With the anchor of Barcelona-El Prat in second place, the bronze medal is each year, indisputably, for Palma de Mallorca . The insular nature of the airport, which also acts as a hub for the Balearic Islands, together with the importance that tourism has had in the islands historically, has made this infrastructure grow over the years, in terms of space and passengers.
The airport of Son Sant JoanIt closed 1990 after having moved 11.3 million passengers -between arrivals and departures-, that is, 15% of all those who moved that year in Spain. In 2019, the last year before the pandemic stopped, the number of passengers who left or arrived at the Palma de Mallorca airport amounted to 29.7 million, although the percentage of the total of travelers who moved that year was lowered to 10.5% as a consequence of the growth of traffic in other destinations throughout the entire national geography.
Malaga and Alicante grow
Beyond the top three positions on the list, the growth of some destinations such as Malaga or Alicante is striking . In 1990, Malaga ranked sixth, but the tourism boom has pushed the Andalusian region to the fourth rung of the airports that move the most passengers each year.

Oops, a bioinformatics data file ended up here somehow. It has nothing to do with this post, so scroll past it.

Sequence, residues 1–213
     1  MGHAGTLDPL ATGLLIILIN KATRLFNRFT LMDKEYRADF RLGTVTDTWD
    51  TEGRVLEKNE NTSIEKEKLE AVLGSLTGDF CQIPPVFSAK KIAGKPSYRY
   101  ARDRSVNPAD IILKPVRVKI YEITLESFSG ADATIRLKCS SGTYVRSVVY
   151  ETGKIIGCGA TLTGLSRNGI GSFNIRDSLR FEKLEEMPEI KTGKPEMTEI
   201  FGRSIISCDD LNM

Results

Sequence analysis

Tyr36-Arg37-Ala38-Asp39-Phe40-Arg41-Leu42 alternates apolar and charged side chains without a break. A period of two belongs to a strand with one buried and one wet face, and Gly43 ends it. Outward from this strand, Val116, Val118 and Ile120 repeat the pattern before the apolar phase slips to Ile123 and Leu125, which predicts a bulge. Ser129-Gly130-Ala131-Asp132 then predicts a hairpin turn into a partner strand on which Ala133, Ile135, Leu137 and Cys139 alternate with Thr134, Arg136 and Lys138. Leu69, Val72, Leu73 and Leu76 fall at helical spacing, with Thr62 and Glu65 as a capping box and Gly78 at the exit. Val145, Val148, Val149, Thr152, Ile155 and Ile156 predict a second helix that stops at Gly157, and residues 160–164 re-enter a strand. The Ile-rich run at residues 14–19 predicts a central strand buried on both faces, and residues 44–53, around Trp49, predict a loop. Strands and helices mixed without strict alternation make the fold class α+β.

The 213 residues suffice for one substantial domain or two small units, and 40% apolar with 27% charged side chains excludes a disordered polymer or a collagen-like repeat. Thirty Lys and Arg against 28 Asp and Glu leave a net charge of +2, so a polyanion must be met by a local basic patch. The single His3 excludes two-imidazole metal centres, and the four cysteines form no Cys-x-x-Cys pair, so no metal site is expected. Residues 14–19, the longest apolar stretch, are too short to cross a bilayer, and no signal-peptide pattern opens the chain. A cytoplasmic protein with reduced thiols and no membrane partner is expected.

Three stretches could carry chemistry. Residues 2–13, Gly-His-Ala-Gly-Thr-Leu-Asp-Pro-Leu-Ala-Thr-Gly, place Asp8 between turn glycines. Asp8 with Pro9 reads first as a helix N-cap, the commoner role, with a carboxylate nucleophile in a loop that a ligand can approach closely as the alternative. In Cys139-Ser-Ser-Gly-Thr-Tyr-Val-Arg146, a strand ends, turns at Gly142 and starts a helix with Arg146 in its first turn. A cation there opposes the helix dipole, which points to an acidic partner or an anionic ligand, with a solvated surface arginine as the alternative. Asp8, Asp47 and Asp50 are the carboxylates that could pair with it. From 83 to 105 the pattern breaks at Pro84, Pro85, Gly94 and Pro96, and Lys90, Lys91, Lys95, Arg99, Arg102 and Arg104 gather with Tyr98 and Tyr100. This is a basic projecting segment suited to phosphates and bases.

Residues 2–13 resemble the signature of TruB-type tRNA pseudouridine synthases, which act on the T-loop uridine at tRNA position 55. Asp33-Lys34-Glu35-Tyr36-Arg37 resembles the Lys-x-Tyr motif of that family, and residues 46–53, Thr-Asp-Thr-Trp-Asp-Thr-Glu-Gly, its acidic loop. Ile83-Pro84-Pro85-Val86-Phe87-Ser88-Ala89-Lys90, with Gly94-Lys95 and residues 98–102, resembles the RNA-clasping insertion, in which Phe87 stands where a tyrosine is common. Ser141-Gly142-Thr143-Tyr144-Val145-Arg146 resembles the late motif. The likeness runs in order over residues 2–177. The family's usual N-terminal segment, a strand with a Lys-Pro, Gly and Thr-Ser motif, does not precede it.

The sorpasso of this airport over that of Gran Canaria and Tenerife Sur, which until then had occupied the fourth and fifth positions respectively, occurred in two phases. In 1999, the Mediterranean destination overtook the Reina Sofía airport and a year later, in 2000, it did the same with Las Palmas. Since then, it has remained anchored in the fourth position, with almost 20 million passengers in 2019, 7.3% of the national network.
Despite the fact that the airports of the Canary Islands have fallen in the ranking since the 90s, Gran Canaria continues to occupy the fifth place on the list, with more than 13 million passengers in 2019 and 5.1 million during the year of the pandemic . Tenerife Sur, one of the favorite rest areas for tourists on the islands, has been falling positions over the years until it was relegated to sixth place in 2020.
Its great dependence on tourism has caused it to lose more than 70% of its travelers in the year of the pandemic compared to 2019, while its direct competitor, Tenerife North Airport, which serves the capital and the less touristy area of the island and therefore drinks more from the local traveler, reduced its passengers by 52%.
To find an airport in the North of the peninsula in the ranking of those that move the most passengers from all over the country, you have to reach position fourteen where the Bilbao airport is located . Sondica’s historic infrastructure first surpassed one million passengers in 1990 and continued to grow with the liberalization of the sector and the democratization of air travel.
On the other hand, this fact has not brought it closer to the numbers of other tourist destinations and Bilbao , like the infrastructures of the rest of the North of Spain, has been outside the top 10 in the last 30 years and will once again stay far away, according to the forecasts, also this year 2021.